Imatges de pÓgina
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Oa. So you thought him;

I

And took his voice, who fhould be prickt to die.
In our black fentence and profcription.

Ant. Octavius, I have feen more days than you:
And though we lay these honours on this man,
To ease ourselves of divers flanderous loads,
He shall but bear them as the afs bears gold,
To groan and fweat under the business,
"Either led or driven, as we point the way;
And having brought our treasure where we will,
Then take we down his load, and turn him off,
Like to the empty afs, to shake his ears,
And graze in P commons.

OЯ. You may do your will;

But he's a try'd and valiant foldier.

Ant. So is my horfe, Octavius, and for that,
I do appoint him ftore of provender:
It is a creature that I teach to fight,
To wind, to ftop, to run directly on,
His corporal motion govern'd by my spirit.
And in fome tafte, is Lepidus but fo;
He must be taught, and train'd, and bid
A barren-fpirited fellow; one that feeds
On abject orts, and imitations,

r

go

forth;

Which, out of ufe, and ftal'd by other men,
Begin his fashion. Do not talk of him,

T

n P. and all after, except C, Or for Either.

This is T.'s emendation (followed by all after) all before read objects, arts,

• The three laft fo's and R. print for for abject orts. point.

r H. common for commons.

For ftal'd the two firft fo's read fal'de; the 4th, fall'd.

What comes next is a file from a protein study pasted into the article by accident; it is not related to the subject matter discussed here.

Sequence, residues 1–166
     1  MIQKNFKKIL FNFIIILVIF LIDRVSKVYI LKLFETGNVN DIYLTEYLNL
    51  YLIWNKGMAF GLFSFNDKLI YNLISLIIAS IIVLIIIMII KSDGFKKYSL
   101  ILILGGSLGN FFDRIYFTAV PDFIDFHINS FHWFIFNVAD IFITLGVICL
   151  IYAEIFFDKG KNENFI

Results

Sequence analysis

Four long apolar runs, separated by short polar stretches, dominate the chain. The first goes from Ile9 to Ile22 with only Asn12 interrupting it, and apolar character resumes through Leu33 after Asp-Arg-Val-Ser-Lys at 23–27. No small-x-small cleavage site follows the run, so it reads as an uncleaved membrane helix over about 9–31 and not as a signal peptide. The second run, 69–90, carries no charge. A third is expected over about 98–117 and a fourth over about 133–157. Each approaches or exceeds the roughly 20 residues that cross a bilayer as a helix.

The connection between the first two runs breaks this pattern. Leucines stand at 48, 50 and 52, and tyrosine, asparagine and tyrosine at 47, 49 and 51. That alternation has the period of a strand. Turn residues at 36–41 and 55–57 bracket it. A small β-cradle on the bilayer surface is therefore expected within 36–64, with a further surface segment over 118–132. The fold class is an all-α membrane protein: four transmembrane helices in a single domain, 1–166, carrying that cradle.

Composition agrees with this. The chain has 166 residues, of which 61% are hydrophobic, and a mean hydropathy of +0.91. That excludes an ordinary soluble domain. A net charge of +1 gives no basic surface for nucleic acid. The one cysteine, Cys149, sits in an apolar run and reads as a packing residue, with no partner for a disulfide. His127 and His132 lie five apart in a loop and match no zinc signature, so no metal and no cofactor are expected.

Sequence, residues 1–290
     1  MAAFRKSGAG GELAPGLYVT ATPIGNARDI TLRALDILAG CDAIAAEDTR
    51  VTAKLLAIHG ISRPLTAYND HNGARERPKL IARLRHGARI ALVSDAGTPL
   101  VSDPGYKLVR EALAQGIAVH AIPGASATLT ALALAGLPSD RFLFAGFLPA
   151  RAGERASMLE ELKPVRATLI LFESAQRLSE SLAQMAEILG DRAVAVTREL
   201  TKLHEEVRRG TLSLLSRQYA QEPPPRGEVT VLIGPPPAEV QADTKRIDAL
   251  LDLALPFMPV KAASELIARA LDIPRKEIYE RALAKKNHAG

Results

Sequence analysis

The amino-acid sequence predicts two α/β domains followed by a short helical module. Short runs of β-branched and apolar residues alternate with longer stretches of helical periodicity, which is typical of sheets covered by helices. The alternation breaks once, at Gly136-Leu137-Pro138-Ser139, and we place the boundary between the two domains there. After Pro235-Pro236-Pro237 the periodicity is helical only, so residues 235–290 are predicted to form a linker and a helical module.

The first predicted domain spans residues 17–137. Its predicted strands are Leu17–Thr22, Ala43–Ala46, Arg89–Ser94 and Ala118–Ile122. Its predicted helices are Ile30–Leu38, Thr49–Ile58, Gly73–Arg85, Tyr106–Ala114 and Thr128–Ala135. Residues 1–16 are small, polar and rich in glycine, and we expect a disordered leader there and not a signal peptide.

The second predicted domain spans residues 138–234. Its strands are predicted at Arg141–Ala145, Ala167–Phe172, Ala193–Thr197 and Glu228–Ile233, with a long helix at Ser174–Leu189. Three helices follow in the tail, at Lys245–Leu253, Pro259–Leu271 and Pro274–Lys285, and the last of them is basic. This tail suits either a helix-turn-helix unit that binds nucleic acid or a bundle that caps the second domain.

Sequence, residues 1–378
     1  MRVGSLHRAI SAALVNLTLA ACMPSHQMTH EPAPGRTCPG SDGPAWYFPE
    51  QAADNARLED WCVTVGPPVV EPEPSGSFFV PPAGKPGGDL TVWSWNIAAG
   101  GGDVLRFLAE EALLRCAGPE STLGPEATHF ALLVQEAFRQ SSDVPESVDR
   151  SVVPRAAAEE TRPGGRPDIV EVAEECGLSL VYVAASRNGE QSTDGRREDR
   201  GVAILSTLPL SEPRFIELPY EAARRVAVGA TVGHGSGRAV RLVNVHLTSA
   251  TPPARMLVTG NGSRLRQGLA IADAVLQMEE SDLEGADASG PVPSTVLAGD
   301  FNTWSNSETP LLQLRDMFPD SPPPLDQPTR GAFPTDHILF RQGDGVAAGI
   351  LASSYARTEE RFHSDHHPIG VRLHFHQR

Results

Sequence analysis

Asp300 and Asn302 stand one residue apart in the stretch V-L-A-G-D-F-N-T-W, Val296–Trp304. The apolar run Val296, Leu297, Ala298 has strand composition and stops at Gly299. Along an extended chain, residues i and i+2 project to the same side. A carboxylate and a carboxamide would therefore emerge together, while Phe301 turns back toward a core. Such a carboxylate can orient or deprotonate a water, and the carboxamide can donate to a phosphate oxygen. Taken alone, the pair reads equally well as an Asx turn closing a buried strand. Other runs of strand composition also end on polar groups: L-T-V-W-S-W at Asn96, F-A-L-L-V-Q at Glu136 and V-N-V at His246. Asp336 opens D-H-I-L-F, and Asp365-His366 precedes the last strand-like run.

But

But as a property. And now, Odavius,

Liften great things. Brutus and Caffius

Are levying powers: we muft ftraight make head;

Therefore let our alliance be combin'd,

Our best friends made, and our best means ftretch'd 'out;

And let us presently go fit in council,

How covert matters may be beft difclos'd,

And open perils furest answered,

Oa. Let us do fo; for we are at the ftake,

And bay'd about with many enemies;

And fome that fimile have in their hearts, I fear,

Millions of mifchiefs.

(Excunts

SCENE II.

In the Camp near Sardis; before Brutus's Tent.

• Drym. Enter Brutus and Soldiers to them Lucilius, and his Soldiers marching, Titinius and Pindarus.

Bru. Stand, ho!

Lucil. Give the word, ho! and ftand.

Bru. What now, Lucilius? is Caffius near à

Lucil

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* The first f. J. and C. omit and &

C. omits drum. The fo's direct Dram. Enter Brutus, Lucilius, and the

* No defcription of the fcene in the Army. Titinius and Pindarus meet them,

fo's.

So all after (except C.), bating that they read

Lucil. He is at hand, and Pindarus is come To do you falutation from his mafter ".

Bru. He greets me well. Your mafter, Pindarus, In his own change, or by ill officers,

X

y

Hath given me fome worthy caufe to wish
Things done, undone; but if he be at hand,
I shall be fatisfied.

read foldiers for the army, and meeting for Lucilius conveys thefe orders to his off

meet.

In C. Lucilius, Titinius and Pindarus do not enter until Brutus has faid Stand, bo! and a direction is given that these words fhould be spoken te bis (Brutus's) officers, entering. Then Lucilius (entering with his foldiers, and Pindarus and Titinius) fays to his party, Give the word, bo, and ftand. By thus ordering the fcene, C. feems to understand that Brutus and Lucilias, with their feveral bodies of foldiers, being upon their march meet; and then each of them gives the word of command to ftand, or halt, to their separate parties. Now this would have been proper enough had not Brutus erected his tent. But the fcene is before Brutus's tent, and he must have arrived, before he could have erected it. Therefore he and his foldiers have done marching, have erected the tent, and are expecting the other companies at the place appointed. Here the scene opens; Lu